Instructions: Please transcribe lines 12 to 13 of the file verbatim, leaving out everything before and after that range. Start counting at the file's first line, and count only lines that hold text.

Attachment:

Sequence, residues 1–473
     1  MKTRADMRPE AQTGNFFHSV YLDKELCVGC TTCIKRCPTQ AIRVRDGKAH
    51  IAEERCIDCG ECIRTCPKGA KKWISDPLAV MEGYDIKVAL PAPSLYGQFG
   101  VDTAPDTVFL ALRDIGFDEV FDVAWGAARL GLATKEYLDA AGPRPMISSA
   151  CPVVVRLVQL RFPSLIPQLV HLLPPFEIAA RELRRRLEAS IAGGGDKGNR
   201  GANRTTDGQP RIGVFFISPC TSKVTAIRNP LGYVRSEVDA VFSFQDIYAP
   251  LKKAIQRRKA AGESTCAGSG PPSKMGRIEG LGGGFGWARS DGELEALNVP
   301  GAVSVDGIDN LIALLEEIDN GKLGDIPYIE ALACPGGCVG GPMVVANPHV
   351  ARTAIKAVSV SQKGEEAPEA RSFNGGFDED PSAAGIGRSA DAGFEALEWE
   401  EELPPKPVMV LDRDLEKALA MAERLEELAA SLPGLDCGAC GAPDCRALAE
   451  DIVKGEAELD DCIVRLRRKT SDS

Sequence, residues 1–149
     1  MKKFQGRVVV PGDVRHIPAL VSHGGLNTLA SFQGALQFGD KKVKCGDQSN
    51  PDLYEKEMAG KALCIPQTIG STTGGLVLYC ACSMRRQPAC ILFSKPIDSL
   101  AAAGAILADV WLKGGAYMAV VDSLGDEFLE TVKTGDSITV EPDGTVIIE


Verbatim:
Sequence, residues 1–149
     1  MKKFQGRVVV PGDVRHIPAL VSHGGLNTLA SFQGALQFGD KKVKCGDQSN